Python 3.3 includes in its standard library the new package
venv. What does it do, and how does it differ from all the other packages that seem to match the regex
PyPI packages not in the standard library:
virtualenvis a very popular tool that creates isolated Python environments for Python libraries. If you're not familiar with this tool, I highly recommend learning it, as it is a very useful tool, and I'll be making comparisons to it for the rest of this answer.
It works by installing a bunch of files in a directory (eg:
env/), and then modifying the
PATHenvironment variable to prefix it with a custom
env/bin/). An exact copy of the
python3binary is placed in this directory, but Python is programmed to look for libraries relative to its path first, in the environment directory. It's not part of Python's standard library, but is officially blessed by the PyPA (Python Packaging Authority). Once activated, you can install packages in the virtual environment using
pyenvis used to isolate Python versions. For example, you may want to test your code against Python 2.6, 2.7, 3.3, 3.4 and 3.5, so you'll need a way to switch between them. Once activated, it prefixes the
PATHenvironment variable with
~/.pyenv/shims, where there are special files matching the Python commands (
pip). These are not copies of the Python-shipped commands; they are special scripts that decide on the fly which version of Python to run based on the
PYENV_VERSIONenvironment variable, or the
.python-versionfile, or the
pyenvalso makes the process of downloading and installing multiple Python versions easier, using the command
pyenv-virtualenvis a plugin for
pyenvby the same author as
pyenv, to allow you to use
virtualenvat the same time conveniently. However, if you're using Python 3.3 or later,
pyenv-virtualenvwill try to run
python -m venvif it is available, instead of
virtualenv. You can use
pyenv-virtualenv, if you don't want the convenience features.
virtualenvwrapperis a set of extensions to
virtualenv(see docs). It gives you commands like
lssitepackages, and especially
workonfor switching between different
virtualenvdirectories. This tool is especially useful if you want multiple
pyenv-virtualenvwrapperis a plugin for
pyenvby the same author as
pyenv, to conveniently integrate
pipenv, by Kenneth Reitz (the author of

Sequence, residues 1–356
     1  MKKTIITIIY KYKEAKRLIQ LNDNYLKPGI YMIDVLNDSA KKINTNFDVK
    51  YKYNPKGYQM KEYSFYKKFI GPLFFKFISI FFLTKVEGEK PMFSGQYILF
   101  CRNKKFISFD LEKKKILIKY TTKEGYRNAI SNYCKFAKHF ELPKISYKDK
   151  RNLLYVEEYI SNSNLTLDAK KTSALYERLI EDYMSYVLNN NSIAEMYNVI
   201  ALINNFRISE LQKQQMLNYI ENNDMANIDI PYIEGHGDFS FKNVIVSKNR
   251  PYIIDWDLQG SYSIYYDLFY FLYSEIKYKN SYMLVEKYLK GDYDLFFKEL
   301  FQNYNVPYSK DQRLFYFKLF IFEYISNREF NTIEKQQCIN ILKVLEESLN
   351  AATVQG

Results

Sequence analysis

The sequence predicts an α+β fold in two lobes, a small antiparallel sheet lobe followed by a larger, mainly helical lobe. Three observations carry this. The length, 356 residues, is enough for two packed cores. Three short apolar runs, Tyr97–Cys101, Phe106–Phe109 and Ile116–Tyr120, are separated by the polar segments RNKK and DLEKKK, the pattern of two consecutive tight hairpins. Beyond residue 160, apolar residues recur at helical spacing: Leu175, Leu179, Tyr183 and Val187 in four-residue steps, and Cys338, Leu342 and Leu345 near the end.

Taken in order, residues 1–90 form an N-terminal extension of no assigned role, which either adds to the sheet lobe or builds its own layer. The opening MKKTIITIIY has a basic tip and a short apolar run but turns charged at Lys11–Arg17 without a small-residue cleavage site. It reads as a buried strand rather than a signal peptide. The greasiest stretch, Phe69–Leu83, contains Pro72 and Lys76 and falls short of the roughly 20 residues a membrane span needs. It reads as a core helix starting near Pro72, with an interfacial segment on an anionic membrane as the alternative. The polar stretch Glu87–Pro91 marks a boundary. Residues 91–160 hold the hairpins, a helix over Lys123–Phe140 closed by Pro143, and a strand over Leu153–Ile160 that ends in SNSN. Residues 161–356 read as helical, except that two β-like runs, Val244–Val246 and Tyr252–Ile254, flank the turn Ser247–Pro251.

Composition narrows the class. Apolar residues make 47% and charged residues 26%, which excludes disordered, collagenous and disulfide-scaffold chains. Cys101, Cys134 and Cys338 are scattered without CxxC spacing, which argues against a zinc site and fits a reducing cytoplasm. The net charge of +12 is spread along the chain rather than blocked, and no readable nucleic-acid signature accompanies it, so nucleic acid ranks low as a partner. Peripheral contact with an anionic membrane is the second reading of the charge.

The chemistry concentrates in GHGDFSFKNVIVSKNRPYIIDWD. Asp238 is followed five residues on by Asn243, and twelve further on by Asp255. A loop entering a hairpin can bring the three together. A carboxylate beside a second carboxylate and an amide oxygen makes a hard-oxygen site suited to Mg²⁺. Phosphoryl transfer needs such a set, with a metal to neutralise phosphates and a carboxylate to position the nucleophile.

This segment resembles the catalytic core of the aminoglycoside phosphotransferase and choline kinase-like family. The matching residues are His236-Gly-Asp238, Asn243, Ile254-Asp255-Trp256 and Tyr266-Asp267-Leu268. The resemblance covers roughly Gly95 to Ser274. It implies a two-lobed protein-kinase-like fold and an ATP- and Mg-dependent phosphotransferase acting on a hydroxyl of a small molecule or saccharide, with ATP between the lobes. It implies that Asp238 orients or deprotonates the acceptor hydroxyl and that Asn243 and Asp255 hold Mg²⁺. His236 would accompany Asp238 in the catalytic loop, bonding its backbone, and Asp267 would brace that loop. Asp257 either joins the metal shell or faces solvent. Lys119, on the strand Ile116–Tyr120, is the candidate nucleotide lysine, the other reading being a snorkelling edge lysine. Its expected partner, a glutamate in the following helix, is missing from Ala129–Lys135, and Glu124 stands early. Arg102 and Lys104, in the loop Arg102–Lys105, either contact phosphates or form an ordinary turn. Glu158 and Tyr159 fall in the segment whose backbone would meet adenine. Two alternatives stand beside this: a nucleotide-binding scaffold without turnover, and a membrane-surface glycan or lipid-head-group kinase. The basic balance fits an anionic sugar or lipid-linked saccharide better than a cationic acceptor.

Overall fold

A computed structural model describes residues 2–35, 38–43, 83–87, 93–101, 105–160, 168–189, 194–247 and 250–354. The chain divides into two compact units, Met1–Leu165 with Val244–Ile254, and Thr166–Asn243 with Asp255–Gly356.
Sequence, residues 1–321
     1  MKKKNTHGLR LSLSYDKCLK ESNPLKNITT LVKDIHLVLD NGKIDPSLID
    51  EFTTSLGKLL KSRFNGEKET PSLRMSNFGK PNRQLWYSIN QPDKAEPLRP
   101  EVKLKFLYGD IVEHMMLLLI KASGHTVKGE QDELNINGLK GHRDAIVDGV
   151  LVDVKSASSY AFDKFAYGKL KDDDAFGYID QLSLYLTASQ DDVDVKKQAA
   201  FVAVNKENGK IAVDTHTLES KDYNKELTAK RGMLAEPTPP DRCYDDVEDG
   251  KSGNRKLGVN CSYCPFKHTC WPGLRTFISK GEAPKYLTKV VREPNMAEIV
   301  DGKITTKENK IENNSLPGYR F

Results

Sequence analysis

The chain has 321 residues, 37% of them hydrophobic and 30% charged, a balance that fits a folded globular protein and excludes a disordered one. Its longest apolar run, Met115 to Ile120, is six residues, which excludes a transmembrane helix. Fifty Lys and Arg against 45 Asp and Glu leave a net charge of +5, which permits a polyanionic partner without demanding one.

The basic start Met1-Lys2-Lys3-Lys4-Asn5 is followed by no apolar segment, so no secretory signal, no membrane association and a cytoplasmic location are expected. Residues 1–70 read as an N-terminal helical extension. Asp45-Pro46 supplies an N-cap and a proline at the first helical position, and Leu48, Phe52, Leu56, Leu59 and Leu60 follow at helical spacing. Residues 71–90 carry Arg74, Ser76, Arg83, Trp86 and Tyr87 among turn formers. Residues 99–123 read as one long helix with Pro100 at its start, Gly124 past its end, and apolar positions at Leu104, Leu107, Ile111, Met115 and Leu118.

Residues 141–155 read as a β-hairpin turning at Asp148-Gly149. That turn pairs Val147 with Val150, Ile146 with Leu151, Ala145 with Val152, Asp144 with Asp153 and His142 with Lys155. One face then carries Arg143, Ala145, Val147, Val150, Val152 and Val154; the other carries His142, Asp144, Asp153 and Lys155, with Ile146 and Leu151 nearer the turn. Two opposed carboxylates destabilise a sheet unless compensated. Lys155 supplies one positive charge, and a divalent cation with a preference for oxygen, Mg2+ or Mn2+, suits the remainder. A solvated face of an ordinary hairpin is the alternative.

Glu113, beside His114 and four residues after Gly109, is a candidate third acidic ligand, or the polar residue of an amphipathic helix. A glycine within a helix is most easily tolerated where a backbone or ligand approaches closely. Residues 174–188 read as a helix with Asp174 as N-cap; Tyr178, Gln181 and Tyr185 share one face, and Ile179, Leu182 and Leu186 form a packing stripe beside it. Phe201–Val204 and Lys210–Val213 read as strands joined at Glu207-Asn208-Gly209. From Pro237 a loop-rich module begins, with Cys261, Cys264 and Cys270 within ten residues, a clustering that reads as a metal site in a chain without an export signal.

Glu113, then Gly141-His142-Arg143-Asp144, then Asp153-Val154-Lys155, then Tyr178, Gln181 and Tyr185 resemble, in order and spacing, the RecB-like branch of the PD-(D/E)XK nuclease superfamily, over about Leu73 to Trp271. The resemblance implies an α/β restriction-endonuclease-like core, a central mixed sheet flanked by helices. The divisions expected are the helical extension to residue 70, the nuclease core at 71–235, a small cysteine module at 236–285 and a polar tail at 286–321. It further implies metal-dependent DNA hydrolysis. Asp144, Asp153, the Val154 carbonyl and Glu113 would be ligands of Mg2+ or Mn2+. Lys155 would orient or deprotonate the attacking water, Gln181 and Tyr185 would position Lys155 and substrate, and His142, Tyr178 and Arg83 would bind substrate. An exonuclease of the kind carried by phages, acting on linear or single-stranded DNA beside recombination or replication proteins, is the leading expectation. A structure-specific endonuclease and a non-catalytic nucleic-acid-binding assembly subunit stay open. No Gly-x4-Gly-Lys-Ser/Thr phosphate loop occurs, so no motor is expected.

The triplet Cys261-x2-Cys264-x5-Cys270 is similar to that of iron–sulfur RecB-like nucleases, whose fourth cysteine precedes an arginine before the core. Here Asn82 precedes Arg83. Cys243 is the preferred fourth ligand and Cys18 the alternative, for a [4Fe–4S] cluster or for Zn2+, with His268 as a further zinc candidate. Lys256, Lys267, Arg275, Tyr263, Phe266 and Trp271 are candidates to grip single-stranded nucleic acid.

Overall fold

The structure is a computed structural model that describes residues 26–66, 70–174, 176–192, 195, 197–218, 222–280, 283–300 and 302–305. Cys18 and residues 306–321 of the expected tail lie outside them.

requests), is the newest project in this list. It aims to combine
virtualenvinto one command on the command-line. The
virtualenvdirectory typically gets placed in
XXXbeing a hash of the path of the project directory. This is different from
virtualenv, where the directory is typically in the current working directory.
The Python Packaging Guide recommends
pipenvwhen developing Python applications (as opposed to libraries). There does not seem to be any plans to support
virtualenv(#15). Confusingly, its command-line option
--venvrefers to the
venv, and similarly, the environment variable
PIPENV_VENV_IN_PROJECTaffects the location of the
pyvenvis a script shipped with Python 3 but deprecated in Python 3.6 as it had problems (not to mention the confusing name). In Python 3.6+, the exact equivalent is
python3 -m venv.
venvis a package shipped with Python 3, which you can run using
python3 -m venv(although for some reason some distros separate it out into a separate distro package, such as
python3-venvon Ubuntu/Debian). It serves a similar purpose to
virtualenv, and works in a very similar way, but it doesn't need to copy Python binaries around (except on Windows). Use this if you don't need to support Python 2. At the time of writing, the Python community seems to be happy with
virtualenvand I haven't heard much talk of
Most of these tools complement each other. For instance,
virtualenv and even
pyenv if desired. The only tools that are true alternatives to each other here are
Recommendation for beginners:
This is my personal recommendation for beginners: start by learning
pip, tools which work with both Python 2 and 3 and in a variety of situations, and pick up the other tools once you start needing them.
I would just avoid the use of
virtualenv after Python3.3+ and instead use the standard shipped library
venv. To create a new virtual environment you would type:
$ python3 -m venv <MYVENV>
virtualenv tries to copy the Python binary into the virtual environment's bin directory. However it does not update library file links embedded into that binary, so if you build Python from source into a non-system directory with relative path names, the Python binary breaks. Since this is how you make a copy distributable Python, it is a big flaw. BTW to inspect embedded library file links on OS X, use